TEMPE, Ariz. - Eric Dickerson and Steven Jackson heard it for years. Their pad level was too high and they'd be undone by a collision with a defender.
Dickerson ended up in the NFL Hall of Fame. Jackson has produced big numbers in the NFL during the last half decade.
Sometimes conventional wisdom doesn't apply.
Iowa Running Back Marcus Coker likely will criticisms about his pad level going forward. Yes, true freshman, you rambled for school bowl records of 33 carries for 219 yards in Tuesday night's Insight Bowl. But, man, you're going to get hurt running that way.
"He needs to run lower or he's going to get his ribs broken," Iowa Guard Julian Vandervelde said.
Perhaps Coker adjusts his style. But it's tough to make wholesale changes to a guy that's been as productive as this Maryland native.
Coker didn't even see the field until Week 7. He was injured in training camp and came into the season at least in the No. 4 spot on the running back depth chart. Health issues and other situations at the position opened the door. He ran with the opportunity, literally.
"I already knew before the game that the O-Line was going to do a great job," the soft-spoken Coker said. "I was pretty comfortable after a couple of plays. I felt like I was a little more comfortable than I was before that."
The DeMatha High product rushed for 622 yards on 114 carries (5.5 YPC) in seven games, three as the starter. In one of the starts (Ohio State), he didn't play a major role because leading rusher Adam Robinson came into the contest after a first quarter suspension.
"You never know what can happen with this season," Iowa Receiver Marvin McNutt said. "Coker learned and he played well (Tuesday night). We told ourselves as an offense that we wanted to put it together and dominate. I think we did a good job of controlling the football for the most part.
Coker showed an impressive mix of power and speed on Tuesday. He broke off a 62-yard touchdown run. Later, he leveled a defensive back, running over him for a nice gain.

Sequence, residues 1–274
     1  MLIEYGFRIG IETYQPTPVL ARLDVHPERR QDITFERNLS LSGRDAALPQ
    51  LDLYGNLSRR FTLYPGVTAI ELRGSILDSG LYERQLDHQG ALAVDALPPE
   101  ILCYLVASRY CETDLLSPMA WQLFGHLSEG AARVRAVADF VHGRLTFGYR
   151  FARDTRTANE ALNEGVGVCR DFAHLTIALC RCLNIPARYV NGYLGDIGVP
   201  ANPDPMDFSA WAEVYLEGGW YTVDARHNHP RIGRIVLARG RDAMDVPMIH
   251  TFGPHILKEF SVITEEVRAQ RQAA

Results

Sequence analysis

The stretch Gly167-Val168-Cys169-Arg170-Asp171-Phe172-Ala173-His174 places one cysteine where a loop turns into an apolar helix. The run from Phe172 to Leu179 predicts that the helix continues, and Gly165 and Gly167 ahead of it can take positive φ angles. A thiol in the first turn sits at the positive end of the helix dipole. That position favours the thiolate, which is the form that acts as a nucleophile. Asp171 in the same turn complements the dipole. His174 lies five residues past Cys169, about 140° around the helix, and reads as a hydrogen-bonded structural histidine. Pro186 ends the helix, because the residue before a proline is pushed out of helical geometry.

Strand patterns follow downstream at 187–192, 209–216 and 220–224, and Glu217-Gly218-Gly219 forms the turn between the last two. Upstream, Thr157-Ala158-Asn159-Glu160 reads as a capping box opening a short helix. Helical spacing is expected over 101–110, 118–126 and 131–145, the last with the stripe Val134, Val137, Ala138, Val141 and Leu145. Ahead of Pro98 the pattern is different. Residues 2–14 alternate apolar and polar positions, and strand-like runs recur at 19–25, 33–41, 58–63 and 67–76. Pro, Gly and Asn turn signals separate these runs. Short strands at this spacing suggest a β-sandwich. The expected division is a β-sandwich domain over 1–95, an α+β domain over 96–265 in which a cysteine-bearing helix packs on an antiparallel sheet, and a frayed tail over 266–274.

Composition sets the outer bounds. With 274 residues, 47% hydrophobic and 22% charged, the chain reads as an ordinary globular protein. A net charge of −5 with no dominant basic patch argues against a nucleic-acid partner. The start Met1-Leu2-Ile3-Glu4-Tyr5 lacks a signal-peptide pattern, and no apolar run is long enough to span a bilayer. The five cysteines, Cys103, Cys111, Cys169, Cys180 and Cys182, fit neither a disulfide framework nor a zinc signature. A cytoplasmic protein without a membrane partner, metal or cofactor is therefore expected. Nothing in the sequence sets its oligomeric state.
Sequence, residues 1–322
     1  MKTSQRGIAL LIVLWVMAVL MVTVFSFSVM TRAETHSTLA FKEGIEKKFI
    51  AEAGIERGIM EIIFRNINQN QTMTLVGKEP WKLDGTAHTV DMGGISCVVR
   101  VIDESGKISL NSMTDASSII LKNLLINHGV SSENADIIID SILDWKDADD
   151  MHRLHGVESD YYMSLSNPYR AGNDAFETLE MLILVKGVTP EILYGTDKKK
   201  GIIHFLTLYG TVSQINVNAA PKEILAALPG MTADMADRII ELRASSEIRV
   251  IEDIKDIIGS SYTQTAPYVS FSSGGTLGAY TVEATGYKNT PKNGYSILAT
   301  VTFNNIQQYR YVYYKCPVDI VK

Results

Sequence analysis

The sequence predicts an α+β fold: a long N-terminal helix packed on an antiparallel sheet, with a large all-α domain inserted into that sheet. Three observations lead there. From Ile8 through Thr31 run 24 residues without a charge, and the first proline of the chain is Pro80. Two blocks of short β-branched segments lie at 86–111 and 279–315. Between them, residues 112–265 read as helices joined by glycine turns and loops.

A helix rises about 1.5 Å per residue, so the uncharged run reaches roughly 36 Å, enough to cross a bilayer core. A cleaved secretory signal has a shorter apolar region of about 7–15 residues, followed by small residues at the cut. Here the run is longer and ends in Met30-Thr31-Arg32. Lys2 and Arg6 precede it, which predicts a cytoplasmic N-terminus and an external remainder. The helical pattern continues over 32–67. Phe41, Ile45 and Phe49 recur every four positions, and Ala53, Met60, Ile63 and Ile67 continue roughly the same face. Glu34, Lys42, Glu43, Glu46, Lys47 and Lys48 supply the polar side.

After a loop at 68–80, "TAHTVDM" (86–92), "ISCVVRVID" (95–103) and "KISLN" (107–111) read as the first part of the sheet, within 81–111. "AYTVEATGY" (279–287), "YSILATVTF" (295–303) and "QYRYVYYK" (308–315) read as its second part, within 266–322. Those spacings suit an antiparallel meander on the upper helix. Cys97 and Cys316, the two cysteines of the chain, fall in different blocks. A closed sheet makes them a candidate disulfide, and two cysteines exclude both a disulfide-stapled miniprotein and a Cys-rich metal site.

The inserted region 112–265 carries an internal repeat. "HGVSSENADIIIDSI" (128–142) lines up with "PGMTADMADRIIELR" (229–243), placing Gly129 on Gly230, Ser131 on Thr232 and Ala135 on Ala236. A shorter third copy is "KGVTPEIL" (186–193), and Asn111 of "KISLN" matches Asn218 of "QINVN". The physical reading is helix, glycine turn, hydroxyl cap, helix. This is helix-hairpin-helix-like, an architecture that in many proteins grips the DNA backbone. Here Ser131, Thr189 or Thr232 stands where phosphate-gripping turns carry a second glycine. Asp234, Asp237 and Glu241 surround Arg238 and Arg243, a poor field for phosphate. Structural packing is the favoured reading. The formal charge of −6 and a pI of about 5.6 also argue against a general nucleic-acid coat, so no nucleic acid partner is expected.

"We hoped to run the football," Iowa Coach Kirk Ferentz said. "I don't think you ever expect your back to have (219) yards. We said back in August that Marcus would be a great player for us. (Tuesday) was certainly his best outing, his best performance and he is a tremendous young man. So, just really proud of him."
Iowa's offensive line also played its best game of the season. And coordinator Ken O'Keefe really schooled his side of the ball in what to expect from an aggressive Missouri defense.
Coker got loose in the second level a lot because Iowa Quarterback Ricky Stanzi and the blockers did an excellent job of run blitz recognition. The freshman more than a few times sidestepped the pressure and got loose.
"He got a lot of help from guys like (fullback) Brett Morse, the offensive line, the tight ends, receivers blocking, Rick Stanzi getting him in the right place," Ferentz said. "It was just a team effort. We felt like we needed him to run the ball for us to have a chance in this one."
For the third year in a row, Iowa has produced a strong freshman running back from Jewel Hampton to Robinson and Brandon Wegher to Coker. The transferring of two of them and the potential dismissal of Robinson could mean it's Coker's show going forward.
"It's bizarre how we keep recruiting and coming up with these running backs," Vandervelde said. "Maybe they're not the biggest recruits coming out of high school, but they get here, are thrown into game situations and they just play their balls off. They do everything that we ask them to do. They do it at such a high level and Marcus is the epitome of that."